A smart contract is a type of contract where the terms are written into the lines of code and is self-executed between the parties. These agreements reside on a distributed and decentralized blockchain network. Smart contracts allow for the automation of contract execution and enforcement, without the need for intermediaries. This can help to reduce transaction costs and increase the efficiency and security of the contracting process. Smart contracts are typically written in a programming language and are executed on a blockchain platform. They can be used in a variety of contexts, including financial transactions, supply chain management, and voting systems.
Staking is a process through which individuals can earn rewards by holding and supporting the operations of a blockchain network. In a proof-of-stake (PoS) system, nodes that hold a certain amount of cryptocurrency (i.e. stake) can participate in the network's consensus mechanism by "staking" their coins. This typically involves locking up the coins in a special wallet and running a staking node, which helps to validate transactions and add new blocks to the blockchain. In return for their contribution to the network, stakers are typically rewarded with a portion of the transaction fees and/or new coins that are generated by the blockchain.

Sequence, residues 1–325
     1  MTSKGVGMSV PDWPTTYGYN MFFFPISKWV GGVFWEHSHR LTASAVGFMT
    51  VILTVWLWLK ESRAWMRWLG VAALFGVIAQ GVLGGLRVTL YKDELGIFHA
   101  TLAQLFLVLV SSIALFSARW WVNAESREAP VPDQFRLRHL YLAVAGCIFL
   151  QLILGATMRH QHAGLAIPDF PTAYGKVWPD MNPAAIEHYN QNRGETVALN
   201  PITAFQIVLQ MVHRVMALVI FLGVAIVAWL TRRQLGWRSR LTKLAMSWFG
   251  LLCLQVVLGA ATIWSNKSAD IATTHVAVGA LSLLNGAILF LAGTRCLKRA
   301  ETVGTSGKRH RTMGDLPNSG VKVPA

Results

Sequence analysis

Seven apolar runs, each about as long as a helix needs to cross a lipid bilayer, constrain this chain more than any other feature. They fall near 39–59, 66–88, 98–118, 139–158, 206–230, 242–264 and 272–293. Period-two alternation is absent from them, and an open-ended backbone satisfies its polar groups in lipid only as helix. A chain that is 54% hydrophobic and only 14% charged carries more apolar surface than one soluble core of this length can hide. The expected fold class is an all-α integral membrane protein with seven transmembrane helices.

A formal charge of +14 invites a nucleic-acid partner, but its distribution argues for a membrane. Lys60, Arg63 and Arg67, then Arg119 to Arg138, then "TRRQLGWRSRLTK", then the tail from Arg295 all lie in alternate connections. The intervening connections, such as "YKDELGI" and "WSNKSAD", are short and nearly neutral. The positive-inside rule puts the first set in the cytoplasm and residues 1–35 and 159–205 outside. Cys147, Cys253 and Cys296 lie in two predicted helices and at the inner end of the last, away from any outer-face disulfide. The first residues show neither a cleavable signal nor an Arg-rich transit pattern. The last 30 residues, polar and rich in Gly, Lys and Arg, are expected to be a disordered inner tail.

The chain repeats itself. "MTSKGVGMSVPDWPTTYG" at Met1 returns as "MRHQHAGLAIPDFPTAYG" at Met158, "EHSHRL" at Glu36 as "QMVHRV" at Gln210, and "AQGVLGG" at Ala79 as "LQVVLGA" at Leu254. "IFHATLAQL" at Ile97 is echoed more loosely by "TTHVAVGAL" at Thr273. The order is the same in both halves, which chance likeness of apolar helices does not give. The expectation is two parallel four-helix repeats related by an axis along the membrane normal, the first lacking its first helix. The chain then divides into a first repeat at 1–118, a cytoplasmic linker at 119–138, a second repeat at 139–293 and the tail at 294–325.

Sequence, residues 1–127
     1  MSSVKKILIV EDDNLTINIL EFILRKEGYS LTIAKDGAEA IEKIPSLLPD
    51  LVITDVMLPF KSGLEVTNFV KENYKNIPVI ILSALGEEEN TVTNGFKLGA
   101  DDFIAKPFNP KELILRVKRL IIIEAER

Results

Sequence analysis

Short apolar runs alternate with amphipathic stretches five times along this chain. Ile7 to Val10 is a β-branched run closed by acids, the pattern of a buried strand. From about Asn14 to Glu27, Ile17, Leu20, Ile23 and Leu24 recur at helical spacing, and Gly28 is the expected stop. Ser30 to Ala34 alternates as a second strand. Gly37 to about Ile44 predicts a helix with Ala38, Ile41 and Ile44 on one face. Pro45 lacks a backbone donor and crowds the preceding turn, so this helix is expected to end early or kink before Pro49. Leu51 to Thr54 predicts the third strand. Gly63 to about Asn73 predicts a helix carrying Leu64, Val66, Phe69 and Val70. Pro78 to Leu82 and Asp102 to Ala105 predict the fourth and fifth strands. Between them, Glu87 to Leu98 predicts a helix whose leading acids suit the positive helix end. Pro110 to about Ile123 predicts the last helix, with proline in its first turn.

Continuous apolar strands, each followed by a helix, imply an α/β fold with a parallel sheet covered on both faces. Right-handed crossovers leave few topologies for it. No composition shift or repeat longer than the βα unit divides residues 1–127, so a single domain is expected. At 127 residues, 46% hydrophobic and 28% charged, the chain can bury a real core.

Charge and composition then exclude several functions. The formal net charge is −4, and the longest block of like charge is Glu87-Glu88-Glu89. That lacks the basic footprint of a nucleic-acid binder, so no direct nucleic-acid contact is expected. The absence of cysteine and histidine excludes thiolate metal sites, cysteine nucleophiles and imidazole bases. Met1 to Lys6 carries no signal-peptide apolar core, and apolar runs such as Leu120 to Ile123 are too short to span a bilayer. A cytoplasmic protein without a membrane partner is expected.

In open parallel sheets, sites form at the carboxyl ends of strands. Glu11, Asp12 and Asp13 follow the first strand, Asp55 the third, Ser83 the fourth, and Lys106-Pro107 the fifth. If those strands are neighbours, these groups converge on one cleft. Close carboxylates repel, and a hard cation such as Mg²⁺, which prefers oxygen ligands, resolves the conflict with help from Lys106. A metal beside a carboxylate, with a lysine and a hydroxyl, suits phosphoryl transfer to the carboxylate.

The word swap has two definitions. Its first definition is the mutual exchange of two cryptocurrencies. The second definition is the transition of the project from one blockchain to another blockchain and the exchange of tokens.
Whitepaper (technical document) is the document that a project team or company writes and publishes to provide information on the purpose, scope, innovations, philosophy and technical details of the product to be developed. They are written in an academic and technical language, different from the materials used in the product marketing.
Yield farming is a method of generating rewards from crypto assets. It implies locking up cryptocurrency and receiving rewards. Farming usually works with users referred to as liquidity providers who add funds to liquidity pools.